It looks like the political equivalent of riding off into the sunset for former SF District Attorney Chesa Boudin, as he’s starting up a UC Berkeley department called the Criminal Law & Justice Center.
If you are somehow on former SF DA Chesa Boudin's campaign email list, you received an email at 7:15 a.m. Wednesday morning entitled “I want you to hear the news from me first.” But the email is not on campaign letterhead, it’s on UC Berkeley School of Law letterhead. And it breaks the news where Boudin says, “I want you to hear the news from me directly: today is my first day as the founding Executive Director of the brand-new Criminal Law & Justice Center at the University of California, Berkeley, School of Law.”
Welcoming @chesaboudin! As founding executive director of Berkeley Law’s new Criminal Law & Justice Center (@BerkeleyLawCLJC), Boudin sees an exciting opportunity to build on his work of transforming the criminal legal system in profound ways. https://t.co/Eo6jMkHf3s— UC Berkeley Law (@BerkeleyLaw) May 31, 2023
But Boudin put this in more starkly political terms in a Wednesday morning Chronicle op-ed entitled “Why I’m not running for office in 2024.”
JUST IN: Former San Francisco District Attorney Chesa Boudin on why he is not running for office in 2024. https://t.co/h3rlFb0DKJ— San Francisco Chronicle (@sfchronicle) May 31, 2023
“As I learned during my two-and-a-half years as San Francisco’s elected district attorney, it takes far more than winning elections to achieve lasting progress,” Boudin says in his op-ed. “Winning a few big elections isn’t enough, on its own, to create lasting change. I learned a lot while in office, including that how people feel often matters more than data and facts.”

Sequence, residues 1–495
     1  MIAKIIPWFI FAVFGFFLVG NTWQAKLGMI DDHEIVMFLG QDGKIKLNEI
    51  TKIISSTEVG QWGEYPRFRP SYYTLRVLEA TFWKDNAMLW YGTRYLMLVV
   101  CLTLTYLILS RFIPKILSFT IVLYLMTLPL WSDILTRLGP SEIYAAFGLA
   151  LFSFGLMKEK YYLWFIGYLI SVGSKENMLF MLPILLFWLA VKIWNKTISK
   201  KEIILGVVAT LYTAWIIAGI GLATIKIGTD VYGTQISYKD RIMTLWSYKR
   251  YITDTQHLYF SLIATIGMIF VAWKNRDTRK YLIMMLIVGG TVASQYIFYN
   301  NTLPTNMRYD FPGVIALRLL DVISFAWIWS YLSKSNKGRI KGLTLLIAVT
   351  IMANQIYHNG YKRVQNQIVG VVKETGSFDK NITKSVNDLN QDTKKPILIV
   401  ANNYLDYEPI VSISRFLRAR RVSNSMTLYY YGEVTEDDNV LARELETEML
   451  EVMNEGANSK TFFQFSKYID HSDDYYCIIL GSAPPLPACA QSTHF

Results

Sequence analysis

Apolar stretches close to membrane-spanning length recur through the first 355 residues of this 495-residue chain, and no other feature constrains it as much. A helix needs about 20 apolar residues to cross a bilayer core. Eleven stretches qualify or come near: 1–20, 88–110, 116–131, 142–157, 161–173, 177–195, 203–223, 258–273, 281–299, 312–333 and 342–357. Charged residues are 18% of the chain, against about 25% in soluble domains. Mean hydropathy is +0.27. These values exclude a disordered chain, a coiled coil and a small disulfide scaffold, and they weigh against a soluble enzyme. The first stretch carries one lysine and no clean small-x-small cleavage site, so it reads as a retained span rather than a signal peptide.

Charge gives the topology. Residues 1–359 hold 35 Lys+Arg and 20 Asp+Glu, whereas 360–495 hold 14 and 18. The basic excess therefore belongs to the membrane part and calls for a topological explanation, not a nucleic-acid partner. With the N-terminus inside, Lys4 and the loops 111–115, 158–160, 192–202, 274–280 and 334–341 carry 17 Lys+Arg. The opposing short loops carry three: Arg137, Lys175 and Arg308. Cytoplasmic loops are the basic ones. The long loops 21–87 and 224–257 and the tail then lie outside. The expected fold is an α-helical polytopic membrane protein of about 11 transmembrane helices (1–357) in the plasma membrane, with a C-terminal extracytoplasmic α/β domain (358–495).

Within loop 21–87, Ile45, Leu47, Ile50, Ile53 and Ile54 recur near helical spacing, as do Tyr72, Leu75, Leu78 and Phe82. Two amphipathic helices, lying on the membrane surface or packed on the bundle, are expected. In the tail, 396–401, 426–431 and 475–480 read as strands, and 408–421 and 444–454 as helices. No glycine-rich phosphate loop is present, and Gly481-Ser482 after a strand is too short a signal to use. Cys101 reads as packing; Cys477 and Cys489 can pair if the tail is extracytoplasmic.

You’ll notice Boudin did specify that he was not running for office “in 2024.” And yes, the San Francisco district attorney position is on the ballot for the November 5, 2024 election. When Brooke Jenkins won the DA election this past November, that was a special, mid-term election because hers was an interim appointment.
And Boudin’s Chronicle essay does seem to get in a swipe at Jenkins, noting that under her tenure, “The city is suffering its most fatal year of overdoses on record, by far.”
The email announcement has (of course) a fundraising link which explains that this new Criminal Law & Justice Center "advances legislative initiatives, impact litigation coalitions, policy papers, and statistical analysis.”
Apparently one of the group’s first initiatives will be promoting enforcement of the new California Racial Justice Act, which seeks to eliminate harsher sentencing for people of color.
The UC Berkeley announcement of Boudin’s hiring explains that “The United States confines a greater percentage of its population than any nation, with over 2 million people currently incarcerated and about 5 million more on probation or parole. Studies show that Black men have a 1 in 4 chance of being incarcerated compared to 1 in 23 for white men, Black women are six times as likely to be imprisoned as white women, and ethnic minorities are arrested more often and punished more severely than white people for the same offenses.”
For Chesa Boudin, this is probably a cushier and higher-paying job than being San Francisco's district attorney. Maybe he will get to go on MSNBC from time to time, and likely land more speaking gigs as his center puts out policy papers.
Maybe this is a period of image rehab for Boudin, and maybe he’ll run for another office someday. Burt as far as being San Francisco district attorney again, it sure looks like Boudin is letting that ship sail.
Image: Berkeley Law